My extended family’s arrival wasn’t only a burden, of course. Mostly it was a gift — and not just because I now had more people to love. My family came with a predilection for story — the story of the people they had once been and, by extension, the one that finds its way into my books.

My maternal grandmother, Abuela Bena, for example, was a Lucha Libre fan with an eighth-grade education who filled my head with tales of her pet cotorra in Cuba, a brightly colored bird that sat on a perch and chatted all morning, like one of the neighborhood ladies. (Or so she said.)

medina_mango, abuela, and meHer stories connected me to a place and a status far from Queens, New York, where we lived. It erased our accents, the reduced-price school lunch, and my now-absent dad. The stories opened inside of me a sense of cultural history that wasn’t reflected in any book I was reading in school or seeing on any of my favorite television shows. When I bought Abuela a green parrot at Woolworth’s, it was meant, I suppose, as an homage to that history. Though that bird turned out to be a miserable creature who never uttered a single word, when it was time to write Mango, Abuela, and Me, I turned back to that memory and the sense of connection I longed to have with my grandmother. In the story, Mia’s “far away” grandmother has come to live with her. Abuela speaks no English, and Mia’s Spanish is rudimentary — a typical scenario. Mia takes on the adult responsibility (naturally) of bridging their language problem by, among other things, purchasing a parrot named Mango to help them communicate. I added in the frustrations I had witnessed more recently between my own children and their grandmothers to answer the questions: what happens when people in a family don’t speak the same language? How are those connections then built?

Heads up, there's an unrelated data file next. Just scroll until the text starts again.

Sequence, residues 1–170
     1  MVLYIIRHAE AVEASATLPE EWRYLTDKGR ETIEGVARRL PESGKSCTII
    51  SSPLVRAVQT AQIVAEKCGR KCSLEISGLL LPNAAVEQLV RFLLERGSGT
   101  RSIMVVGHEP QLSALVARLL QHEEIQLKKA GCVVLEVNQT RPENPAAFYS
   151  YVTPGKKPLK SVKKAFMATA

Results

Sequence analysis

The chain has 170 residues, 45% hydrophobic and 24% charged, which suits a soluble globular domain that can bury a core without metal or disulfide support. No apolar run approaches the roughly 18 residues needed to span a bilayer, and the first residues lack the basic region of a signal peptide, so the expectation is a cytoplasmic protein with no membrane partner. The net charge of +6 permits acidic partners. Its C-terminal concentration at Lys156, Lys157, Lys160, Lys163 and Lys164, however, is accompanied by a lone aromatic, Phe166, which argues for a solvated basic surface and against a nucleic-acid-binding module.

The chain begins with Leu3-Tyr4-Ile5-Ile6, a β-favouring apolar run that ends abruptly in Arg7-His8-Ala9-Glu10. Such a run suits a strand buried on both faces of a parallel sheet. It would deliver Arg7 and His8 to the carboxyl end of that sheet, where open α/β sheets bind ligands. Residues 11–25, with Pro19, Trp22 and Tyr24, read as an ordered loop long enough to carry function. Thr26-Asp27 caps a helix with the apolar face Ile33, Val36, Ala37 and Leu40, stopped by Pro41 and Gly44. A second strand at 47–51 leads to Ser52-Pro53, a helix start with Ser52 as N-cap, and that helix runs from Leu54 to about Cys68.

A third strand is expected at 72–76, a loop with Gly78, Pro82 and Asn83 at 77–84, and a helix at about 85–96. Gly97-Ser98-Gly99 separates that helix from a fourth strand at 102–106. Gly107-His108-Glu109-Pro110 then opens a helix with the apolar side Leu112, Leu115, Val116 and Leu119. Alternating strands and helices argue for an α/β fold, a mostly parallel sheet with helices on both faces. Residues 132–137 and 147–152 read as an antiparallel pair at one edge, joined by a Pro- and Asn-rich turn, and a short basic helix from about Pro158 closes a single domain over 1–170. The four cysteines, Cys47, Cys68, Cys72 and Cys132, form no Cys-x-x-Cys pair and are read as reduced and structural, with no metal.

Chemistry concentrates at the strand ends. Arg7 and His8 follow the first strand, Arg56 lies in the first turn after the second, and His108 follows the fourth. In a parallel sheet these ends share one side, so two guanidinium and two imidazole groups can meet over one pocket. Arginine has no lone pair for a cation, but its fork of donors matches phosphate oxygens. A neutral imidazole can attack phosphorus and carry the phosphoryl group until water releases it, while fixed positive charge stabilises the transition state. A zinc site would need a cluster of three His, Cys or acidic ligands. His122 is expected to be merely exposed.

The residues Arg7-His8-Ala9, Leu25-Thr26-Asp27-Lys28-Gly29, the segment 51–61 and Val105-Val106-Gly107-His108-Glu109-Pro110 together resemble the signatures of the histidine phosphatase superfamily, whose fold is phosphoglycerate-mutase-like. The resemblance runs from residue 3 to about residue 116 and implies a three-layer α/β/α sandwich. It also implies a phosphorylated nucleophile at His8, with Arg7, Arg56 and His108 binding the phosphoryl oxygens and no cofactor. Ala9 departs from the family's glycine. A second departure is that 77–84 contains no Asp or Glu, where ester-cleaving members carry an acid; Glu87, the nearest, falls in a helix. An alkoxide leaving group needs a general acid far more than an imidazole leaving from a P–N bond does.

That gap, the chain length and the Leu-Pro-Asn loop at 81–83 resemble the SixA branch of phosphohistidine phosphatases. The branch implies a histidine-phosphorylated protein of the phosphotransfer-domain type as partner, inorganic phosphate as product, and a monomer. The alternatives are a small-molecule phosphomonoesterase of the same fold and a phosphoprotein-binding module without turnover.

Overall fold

* * *

brown_palacios_marisolmcdonald_matchLanguage is such a dilemma in multicultural families and in the books that represent us. The fact is, some of us speak Spanish, and some of us don’t — sometimes all under the same roof. That’s one reason I love good bilingual books, such as those by Monica Brown (Marisol McDonald Doesn’t Match / Marisol McDonald no combina), and books with translations that are sensitive to capturing the many dialects of Spanish that are spoken around the world.